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U.S. Special Envoy to Sudan on the American role in Sudan's civil war


The cost of Sudan's bloody civil war is growing. Thousands of people are dead. Many more are injured. About 25 million people urgently needing aid, according to the United Nations, as food, water, medicine and fuel are in short supply. U.N. Secretary-General Antonio Guterres called again for peace this past week.


ANTONIO GUTERRES: The fighting there must end for the sake of the Sudanese people who face hunger, horrors and untold hardships.

RASCOE: Tom Perriello is the newly appointed U.S. special envoy to Sudan. He joins us now from Djibouti. Welcome.

TOM PERRIELLO: Thank you for having me, Ayesha.

RASCOE: So two rival factions, the Sudanese Armed Forces and the Rapid Support Forces, have been battling for power in Sudan for nearly a year. What's your big-picture assessment of the war right now? Has it moved in any direction?

PERRIELLO: It has become a horrific humanitarian crisis. We're talking about millions and millions displaced - 8 million, at least - from their homes. We're getting credible reports of dozens of children dying from malnourishment, and we are heading into a rainy season and escalating fighting that is making this far worse.

I've been meeting with Sudanese who've escaped, who've talked about it as hell on earth, as facing imminent death every day. And this is a war that was unnecessary. It was two men who chose to start it. And we need the two men and their forces to end this immediately.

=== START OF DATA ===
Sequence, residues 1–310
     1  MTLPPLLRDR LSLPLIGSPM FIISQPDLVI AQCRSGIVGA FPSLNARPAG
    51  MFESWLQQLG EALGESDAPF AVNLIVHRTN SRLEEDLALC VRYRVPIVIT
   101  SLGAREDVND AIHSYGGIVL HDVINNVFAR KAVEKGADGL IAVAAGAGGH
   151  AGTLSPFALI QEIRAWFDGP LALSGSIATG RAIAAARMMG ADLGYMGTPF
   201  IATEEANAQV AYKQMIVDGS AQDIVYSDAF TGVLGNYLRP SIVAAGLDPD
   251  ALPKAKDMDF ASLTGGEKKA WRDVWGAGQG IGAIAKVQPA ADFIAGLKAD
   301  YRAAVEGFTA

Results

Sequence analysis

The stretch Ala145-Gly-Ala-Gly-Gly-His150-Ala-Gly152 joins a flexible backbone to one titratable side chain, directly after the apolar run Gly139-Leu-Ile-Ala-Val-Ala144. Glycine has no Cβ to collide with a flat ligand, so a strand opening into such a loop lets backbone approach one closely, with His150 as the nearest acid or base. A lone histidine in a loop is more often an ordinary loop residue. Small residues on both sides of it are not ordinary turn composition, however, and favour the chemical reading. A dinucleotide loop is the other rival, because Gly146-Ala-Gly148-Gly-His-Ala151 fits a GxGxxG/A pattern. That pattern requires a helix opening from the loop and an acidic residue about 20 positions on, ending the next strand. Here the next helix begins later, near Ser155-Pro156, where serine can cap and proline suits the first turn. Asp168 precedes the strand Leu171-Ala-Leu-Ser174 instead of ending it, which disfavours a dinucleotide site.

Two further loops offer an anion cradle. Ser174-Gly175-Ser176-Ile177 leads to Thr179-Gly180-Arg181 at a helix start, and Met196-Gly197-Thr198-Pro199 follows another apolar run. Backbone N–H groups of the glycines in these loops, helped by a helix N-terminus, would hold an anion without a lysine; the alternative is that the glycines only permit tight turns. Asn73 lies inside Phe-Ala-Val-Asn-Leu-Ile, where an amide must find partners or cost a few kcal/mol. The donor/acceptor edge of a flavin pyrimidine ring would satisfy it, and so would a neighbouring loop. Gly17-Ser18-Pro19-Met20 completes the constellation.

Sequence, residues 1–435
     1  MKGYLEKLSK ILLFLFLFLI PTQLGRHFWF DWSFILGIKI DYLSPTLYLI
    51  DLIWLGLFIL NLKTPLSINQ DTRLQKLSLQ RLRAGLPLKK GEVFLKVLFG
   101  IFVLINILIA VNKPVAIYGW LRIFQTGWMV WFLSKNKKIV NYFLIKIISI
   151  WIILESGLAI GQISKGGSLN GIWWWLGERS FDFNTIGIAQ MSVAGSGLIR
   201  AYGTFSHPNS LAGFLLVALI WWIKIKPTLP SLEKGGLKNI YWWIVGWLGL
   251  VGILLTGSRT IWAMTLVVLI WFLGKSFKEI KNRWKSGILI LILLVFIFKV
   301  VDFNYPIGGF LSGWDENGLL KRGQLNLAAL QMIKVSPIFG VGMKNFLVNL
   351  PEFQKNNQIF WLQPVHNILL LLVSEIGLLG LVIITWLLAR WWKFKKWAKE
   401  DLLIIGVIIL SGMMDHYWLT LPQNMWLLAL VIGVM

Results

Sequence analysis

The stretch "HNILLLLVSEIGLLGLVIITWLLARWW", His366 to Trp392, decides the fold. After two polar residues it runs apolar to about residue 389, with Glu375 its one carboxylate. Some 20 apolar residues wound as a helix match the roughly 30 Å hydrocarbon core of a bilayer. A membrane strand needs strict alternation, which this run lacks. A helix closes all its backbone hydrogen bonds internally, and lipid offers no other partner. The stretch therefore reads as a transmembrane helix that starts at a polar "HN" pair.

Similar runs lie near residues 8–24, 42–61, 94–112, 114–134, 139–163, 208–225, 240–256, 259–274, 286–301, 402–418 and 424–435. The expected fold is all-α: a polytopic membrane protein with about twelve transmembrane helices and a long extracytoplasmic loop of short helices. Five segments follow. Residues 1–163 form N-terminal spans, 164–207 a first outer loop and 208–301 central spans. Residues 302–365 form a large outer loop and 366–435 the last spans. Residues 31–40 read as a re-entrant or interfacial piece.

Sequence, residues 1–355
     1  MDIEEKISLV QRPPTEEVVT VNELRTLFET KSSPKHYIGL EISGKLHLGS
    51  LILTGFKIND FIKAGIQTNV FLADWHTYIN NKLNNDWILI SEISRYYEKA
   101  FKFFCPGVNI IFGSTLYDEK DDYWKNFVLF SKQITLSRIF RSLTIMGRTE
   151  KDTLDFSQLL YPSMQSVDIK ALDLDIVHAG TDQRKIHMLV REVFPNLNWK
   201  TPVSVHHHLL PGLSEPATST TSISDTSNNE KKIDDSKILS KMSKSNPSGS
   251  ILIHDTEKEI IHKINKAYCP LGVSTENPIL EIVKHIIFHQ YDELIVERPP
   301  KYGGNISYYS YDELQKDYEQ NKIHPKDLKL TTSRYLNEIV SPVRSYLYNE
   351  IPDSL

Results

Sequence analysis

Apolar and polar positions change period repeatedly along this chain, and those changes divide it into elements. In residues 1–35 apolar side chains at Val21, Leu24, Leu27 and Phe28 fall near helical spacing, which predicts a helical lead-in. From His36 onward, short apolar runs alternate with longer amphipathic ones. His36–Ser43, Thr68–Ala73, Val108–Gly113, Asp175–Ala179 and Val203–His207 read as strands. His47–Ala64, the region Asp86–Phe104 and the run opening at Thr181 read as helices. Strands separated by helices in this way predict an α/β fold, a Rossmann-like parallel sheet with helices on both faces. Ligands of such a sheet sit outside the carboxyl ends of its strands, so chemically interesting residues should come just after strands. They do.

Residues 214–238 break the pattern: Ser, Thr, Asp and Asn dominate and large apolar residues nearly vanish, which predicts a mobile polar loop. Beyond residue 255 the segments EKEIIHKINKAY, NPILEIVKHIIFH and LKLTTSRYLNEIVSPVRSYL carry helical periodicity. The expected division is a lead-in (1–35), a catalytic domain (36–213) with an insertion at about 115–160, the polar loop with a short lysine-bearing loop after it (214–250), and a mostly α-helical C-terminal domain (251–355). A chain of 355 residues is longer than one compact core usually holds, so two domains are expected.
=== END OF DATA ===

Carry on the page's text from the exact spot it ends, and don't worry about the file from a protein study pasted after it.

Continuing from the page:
RASCOE: You said that you've been in touch with some people who have left Sudan, and they say it's hell on earth. Can you talk about what you're hearing about the situation on the ground?

PERRIELLO: We're here. You can see the trauma on people's faces - people who not only saw horrific things that they'll describe to us, from bombing campaigns and slaughtering of the Masalit, of having to leave aging parents behind only to hear troops have taken over their houses and kicked them out. People are living in terror there, and it was all the more painful for them because they had had this brief taste of hope when the revolution had helped throw out a dictatorship and really put Sudan on a path to inclusive democracy. And that's what people want back. And for right now, people just need access to food and water. And we have these generals playing games with peoples' lives by closing borders, closing lines inside where food can cross, while people are dying. So people are suffering that every day. And honestly, they feel like the world has ignored it.

RASCOE: The United Nations reports that about 5 million are at risk of starving if aid isn't delivered. Hospital closures due to the violence are intensifying the suffering with outbreaks of cholera, measles and diarrhea. And we should note that workers trying to deliver aid are being targeted and killed. So what does a strategy - aid strategy look like at this point?

PERRIELLO: So first, I just want to say how amazing it was to meet with some of the humanitarian leaders in the region. They're taking great risks to try to get in food and really thank the American taxpayer because we have spent almost $1 billion over the last year in supporting refugees. But meanwhile, we can't get the trucks where they need to go because the SAF generals and the RSF generals are making it impossible for that to happen.